Tuesday, April 1, 2008

Manual exposure modes article #2

It is advisable to read these articles in date sequence. This is article #2.

In the previous article I talked about automatic versus manual exposure. Please keep in mind that setting the camera to a manual exposure system gives you repeatability in your product pictures. Also, some cameras do not have a manual mode. Most of the Nikon and Canon point and shoot type of digital cameras do have a full manual mode. I have found though that the Olympus and Kodak cameras do not have this ability. If you are going to be using your camera specifically to shoot product pictures for your web site or eBay, you will get better more repeatable results if the camera has the ability to set the exposure manually.

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I get lots of questions about how do I set the camera manually. Well, big problem. Each camera brand and sometimes between models of the same brand the systems are different. Read your instruction book It should tell you how to do the following.
#1 Turn off the flash.
#2 Set the ISO (film speed) to a manual mode, probably around 200.
#3 Set the shutter speed and the f-stop.

Why do all of this you ask? Because most digital cameras are designed to take snapshots. When you take a snapshot probably 99% of the time if you were to add up all of the colors in the picture, reds, blues, grays, greens, etc. you would get a neutral gray color. The same is usually true about the densities in your average snapshot. If you added up all of the light, dark, darker, and black areas in a snap shot it usually comes out a neutral gray. So, this concept is programed into the camera. You have to turn this system off because when you are shooting product pictures you very seldom have a picture full of different items, people, backgrounds etc. You normally have one product and one background.
Let's say you are shooting blue jeans on a white background. You do not have any reds in the picture. Just blue and white. So, the camera will try to add red to the picture to get back to a neutral gray. When you adjust the picture in whatever picture control program you are using to get the blue jeans to look right, the background usually ends up pink. This because the camera took red out of the picture. In order for you to get the blue jeans to look right, you had to add red back into the picture. Just pretend that the blue rectangle in the white is your pair of blue jeans. Did you get something like this?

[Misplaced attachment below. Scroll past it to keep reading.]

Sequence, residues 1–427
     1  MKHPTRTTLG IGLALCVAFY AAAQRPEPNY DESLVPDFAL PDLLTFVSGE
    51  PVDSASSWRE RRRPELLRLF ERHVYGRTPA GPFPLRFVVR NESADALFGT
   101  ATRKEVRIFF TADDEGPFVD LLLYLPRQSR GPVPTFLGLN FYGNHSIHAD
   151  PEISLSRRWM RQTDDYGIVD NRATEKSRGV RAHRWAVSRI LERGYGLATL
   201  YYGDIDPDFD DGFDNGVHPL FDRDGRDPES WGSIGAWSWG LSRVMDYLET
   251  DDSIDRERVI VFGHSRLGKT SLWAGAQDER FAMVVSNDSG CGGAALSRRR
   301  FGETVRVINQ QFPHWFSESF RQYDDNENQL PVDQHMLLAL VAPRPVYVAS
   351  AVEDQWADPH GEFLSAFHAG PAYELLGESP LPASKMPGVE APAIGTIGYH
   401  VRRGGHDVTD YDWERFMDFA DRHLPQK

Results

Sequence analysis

When you started out with this.

Good old AutoMatic White Balance at work.

Ok, let's pretend that you are shooting a red blouse on a white background.

Did you end up with something like this. A blue or cyan background.

Again, the auto white balance is trying to fix your picture. It is trying to add up all of the colors and get gray. You have to turn that system off. You do that by setting the white balance. You can usually just set the camera for the type of lights you are using like the tungsten setting for hot type of tungsten or quartz halogen lights or if you are using 5000K daylight fluorescent bulbs then you can set it at the daylight setting. Best of all is to do a custom white balance if that option is available on your camera. That way when you shoot items on a white background it stays white and the colors of the products are still correct. Like the jewelry in the picture below.

More to come.

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